Since I posted the message, I am now able to ping from the Workstation to Router A and Router B. No configuration changes to the Workstation or the Router were performed. This has happened in the past, and I am attempting to troubleshot and see why. I do not understand why it happens.
Also there are no access list and the configuration is a very simple one. Any help would be appreciated.
What can't the PC ping, a network on the other side of routerB? RouterB is only advertising one route to routerA, and that's already in routerA's table (directly connected). If there are routes on the other side of routerB, are they in routerA's routing table? Can routerA ping those networks? RouterB can ping the PC but the PC can't ping routerB?
As suggested I checked the arp table on the pc, and discovered the only entry is for RTR A E0 interface. At this point I am only able to ping RTR A at the ip address 22.214.171.124 (which is it's directly connected interface on E0). From the PC I can ping E0 but cannot ping RTR A Serial 1 at ip address 126.96.36.199.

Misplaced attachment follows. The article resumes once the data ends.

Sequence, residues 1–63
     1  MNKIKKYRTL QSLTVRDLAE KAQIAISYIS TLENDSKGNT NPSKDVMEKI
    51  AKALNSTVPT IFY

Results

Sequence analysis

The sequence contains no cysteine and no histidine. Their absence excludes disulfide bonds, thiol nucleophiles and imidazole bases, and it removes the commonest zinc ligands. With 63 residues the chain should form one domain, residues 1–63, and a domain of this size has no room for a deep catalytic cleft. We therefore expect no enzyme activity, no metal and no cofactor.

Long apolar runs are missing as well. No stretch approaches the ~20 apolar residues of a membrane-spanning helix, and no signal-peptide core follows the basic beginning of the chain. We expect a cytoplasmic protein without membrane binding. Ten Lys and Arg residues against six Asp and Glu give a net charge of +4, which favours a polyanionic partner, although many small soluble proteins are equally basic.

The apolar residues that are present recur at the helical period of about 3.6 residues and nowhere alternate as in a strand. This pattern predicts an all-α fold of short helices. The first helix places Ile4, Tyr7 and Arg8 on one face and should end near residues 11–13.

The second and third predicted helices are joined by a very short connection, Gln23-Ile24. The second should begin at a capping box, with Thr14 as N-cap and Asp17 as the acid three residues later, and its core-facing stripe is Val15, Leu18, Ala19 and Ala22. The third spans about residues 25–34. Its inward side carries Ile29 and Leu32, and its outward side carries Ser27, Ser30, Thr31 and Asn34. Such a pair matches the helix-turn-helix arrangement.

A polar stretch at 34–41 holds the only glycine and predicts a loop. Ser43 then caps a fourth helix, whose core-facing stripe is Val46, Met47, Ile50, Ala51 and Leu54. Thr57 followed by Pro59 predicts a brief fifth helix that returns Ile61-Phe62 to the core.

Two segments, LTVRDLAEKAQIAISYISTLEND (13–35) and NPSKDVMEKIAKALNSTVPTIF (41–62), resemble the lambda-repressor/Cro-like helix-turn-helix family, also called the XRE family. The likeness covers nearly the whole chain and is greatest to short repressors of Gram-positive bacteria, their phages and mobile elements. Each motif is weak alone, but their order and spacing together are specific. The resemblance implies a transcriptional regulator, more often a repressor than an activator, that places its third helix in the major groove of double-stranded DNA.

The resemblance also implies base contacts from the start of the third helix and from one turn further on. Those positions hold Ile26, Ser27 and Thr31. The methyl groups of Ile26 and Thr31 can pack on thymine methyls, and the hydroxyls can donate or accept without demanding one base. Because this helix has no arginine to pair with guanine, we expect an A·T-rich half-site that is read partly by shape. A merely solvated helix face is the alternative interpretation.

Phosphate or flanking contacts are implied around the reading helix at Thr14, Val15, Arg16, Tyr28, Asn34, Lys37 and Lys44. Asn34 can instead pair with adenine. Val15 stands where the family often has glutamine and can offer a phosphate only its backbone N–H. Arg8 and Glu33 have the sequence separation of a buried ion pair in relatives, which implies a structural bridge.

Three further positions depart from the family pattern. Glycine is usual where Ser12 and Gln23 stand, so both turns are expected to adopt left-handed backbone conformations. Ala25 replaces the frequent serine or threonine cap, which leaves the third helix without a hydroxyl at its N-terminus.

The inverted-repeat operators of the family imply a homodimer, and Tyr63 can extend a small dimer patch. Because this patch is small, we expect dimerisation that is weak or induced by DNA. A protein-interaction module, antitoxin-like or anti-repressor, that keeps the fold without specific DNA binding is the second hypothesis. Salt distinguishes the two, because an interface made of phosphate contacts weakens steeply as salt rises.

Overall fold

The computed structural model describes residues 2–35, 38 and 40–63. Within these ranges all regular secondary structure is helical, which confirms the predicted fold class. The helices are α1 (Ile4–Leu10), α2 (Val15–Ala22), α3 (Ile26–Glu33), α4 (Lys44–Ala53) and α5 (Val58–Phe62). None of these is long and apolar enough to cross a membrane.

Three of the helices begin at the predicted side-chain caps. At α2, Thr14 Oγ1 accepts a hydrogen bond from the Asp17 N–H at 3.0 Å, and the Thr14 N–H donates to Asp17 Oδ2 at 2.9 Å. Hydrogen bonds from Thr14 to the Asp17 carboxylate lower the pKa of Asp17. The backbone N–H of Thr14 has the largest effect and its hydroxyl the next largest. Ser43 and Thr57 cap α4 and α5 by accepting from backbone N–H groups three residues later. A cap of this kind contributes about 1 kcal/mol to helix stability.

However from RTR B, (which is connected to RTR A via S0), I can ping the PC. From RTR A I can also ping the PC. The only problem I have is pinging in reverse. Going from the PC to RTR A and to RTR B.
Just a question. Does the LAN the PC is attached have more than one router? The second router could be sending default gateway updates to the PC. Even another workstation attached to 2 LANs could be acting as a router. You may want to check the routing table on the PC the next time it fails to get to RtrB.
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